AYSEN PROTESTS AND FISHING
For the past week and a half things have been a bit inconvenient here in the Aysen region of Patagonia. The people of the region reached their tipping point. The issue that made the difference was the government’s decision to approve the construction of big hydro projects on the Rio Baker. This decision was the spark that brought all the lingering social concerns to the surface. The protests are spreading with blockades of tires – burning at night – at important intersections and in front of warehouses and truck parking areas. In the outlying villages the locals are blocking the roads in sympathy and solidarity.
So far here in Coyhaique or the outlying villages of El Blanco, Balmaceda or Villa Ortaga I haven’t seen any violence by the citizens or the police. As you approach each village here is a road block set up by the locals as part of the protest. At each one they stop traffic for two hours and then let private vehicles through. Trucks don’t get to pass. On the road to the airport there are three road blocks but they are coordinated. Outside of Coyhaique it is open on the even hour. At El Blanco http://youtu.be/_kVlAEpwgxs it is on about the even hour and a half and at Balmaceda at about the even hour and 45 minutes. If you time it right you can make it to the airport in Balmaceda with just a slight delay. I heard there was some attempted looting by hooligans at the UniMarc (big supermarket) just down the street from me in Coyhaique. There are some broken windows. Newspapers are reporting clashes between police and protestors in Port Aysen, the choke point for al supplies coming into this portion of Chile. It is just very very inconvenient. I’m down to about ¼ tank of gas. I have to conserve it so I can get to the airport on the 6th to get home.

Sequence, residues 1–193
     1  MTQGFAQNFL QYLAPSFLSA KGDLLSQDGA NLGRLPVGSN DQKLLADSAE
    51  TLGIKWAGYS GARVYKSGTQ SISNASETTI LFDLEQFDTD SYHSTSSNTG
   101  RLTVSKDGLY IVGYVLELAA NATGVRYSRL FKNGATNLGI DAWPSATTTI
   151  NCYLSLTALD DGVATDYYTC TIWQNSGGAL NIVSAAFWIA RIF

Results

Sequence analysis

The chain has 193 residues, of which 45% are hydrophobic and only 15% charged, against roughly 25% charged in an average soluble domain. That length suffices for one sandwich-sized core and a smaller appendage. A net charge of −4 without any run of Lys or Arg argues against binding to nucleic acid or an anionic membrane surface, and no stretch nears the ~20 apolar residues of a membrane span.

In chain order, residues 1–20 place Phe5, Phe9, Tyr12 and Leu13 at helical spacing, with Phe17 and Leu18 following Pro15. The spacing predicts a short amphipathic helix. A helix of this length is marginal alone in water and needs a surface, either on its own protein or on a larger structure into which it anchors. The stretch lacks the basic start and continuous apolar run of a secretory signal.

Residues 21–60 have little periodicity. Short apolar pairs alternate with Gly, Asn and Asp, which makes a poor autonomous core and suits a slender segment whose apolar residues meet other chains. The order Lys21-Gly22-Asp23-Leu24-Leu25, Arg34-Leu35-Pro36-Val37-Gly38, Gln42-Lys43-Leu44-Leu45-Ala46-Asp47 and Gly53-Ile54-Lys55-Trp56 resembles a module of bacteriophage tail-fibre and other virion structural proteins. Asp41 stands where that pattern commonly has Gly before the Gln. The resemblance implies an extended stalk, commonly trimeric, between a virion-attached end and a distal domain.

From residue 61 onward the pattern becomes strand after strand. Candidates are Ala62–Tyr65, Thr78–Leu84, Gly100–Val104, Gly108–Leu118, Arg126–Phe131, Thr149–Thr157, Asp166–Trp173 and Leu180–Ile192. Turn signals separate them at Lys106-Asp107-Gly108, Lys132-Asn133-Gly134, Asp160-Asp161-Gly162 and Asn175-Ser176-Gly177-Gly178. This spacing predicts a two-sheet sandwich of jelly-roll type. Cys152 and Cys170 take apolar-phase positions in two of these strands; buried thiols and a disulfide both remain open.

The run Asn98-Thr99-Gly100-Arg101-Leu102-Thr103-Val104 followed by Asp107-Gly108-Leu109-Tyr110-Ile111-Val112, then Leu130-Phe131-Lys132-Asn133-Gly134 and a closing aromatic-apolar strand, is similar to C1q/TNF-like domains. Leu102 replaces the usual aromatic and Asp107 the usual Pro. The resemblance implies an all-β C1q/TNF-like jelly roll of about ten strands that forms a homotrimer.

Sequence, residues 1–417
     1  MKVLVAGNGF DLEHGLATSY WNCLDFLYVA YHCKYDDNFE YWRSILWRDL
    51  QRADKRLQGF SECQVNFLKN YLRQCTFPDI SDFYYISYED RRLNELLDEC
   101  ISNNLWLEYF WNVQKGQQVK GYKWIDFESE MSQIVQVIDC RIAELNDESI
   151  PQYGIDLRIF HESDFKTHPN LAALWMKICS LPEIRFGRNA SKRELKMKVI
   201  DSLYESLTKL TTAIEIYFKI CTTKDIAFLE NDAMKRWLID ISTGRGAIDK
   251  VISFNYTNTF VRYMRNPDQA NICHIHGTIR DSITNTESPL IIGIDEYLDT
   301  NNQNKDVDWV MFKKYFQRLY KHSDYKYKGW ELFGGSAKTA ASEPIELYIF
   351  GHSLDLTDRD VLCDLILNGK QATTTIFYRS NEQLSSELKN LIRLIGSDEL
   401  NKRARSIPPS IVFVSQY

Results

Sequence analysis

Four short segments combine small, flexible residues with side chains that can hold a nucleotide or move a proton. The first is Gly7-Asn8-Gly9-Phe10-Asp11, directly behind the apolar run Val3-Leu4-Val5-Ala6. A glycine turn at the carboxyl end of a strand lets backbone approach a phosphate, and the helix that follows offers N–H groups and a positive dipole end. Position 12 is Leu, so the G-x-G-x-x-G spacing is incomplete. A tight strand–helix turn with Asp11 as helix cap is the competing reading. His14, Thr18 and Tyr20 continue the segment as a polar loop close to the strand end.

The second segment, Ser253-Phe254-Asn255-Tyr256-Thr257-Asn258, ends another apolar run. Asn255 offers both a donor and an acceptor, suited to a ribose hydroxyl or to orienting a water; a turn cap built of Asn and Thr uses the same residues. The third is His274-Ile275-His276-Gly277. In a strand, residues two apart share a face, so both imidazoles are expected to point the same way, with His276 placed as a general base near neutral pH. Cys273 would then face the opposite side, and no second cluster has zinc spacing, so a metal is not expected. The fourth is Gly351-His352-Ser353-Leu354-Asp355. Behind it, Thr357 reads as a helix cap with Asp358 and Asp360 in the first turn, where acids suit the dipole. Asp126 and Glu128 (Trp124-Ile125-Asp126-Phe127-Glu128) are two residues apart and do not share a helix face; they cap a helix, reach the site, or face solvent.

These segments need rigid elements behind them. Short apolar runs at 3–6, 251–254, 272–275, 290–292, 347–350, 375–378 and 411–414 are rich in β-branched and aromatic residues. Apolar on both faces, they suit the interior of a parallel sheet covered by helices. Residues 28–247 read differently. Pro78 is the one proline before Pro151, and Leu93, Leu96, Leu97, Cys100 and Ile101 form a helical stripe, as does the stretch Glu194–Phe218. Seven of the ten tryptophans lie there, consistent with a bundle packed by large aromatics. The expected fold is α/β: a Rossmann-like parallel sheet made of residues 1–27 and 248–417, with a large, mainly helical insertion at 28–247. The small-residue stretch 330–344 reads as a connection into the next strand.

I support the Patagonians even though they are making it hard on me. This is my fifth year down here and I don't, for the most part, see any improvement in the infrastructure from the first time here. Lots of the bridges are still questionable and the roads are in no better shape. I've traveled better on old US Forest Service roads in the states than the pan American highway toward Villa Ortaga or the road to Argentina via Coyhaique Alto. There is no health care outside of Coyhaique. If you live in Chile Chico you have an 8 hour drive to anything other than minimal health care. Maybe you would get lucky and have your problem in time to make the once a day ferry from Porto Ibenaz (sp) which would reduce the time to health care by about 5 hours. The people of Aysen have valid grips with the government. They are small in numbers and isolated geographically from the developed north of the country. All they have is hydro-electric potential and the north wants it and to give the Patagonians nothing but lip service.
So much for the editorial comments. Now to the fishing. No fuel and cold, wind and rain has made it tough. We have not been able to make it two several of the best – as in BIG fish – rivers and streams. When we have been north near Villa Ortaga http://youtu.be/_kVlAEpwgxs on a couple of small streams we have done very well with a lot of fish and a few big fish. We – Ethan and I – have made the strategic decision to wait until the weather is good for a couple of days and then use our fuel to get to Villa Ortaga. It is only about 35 or 40 Km each way but rather than come back to Coyhaique at night we will see if we can find a place to stay there for the night. If we can’t find a hospedaje we will sleep in the car.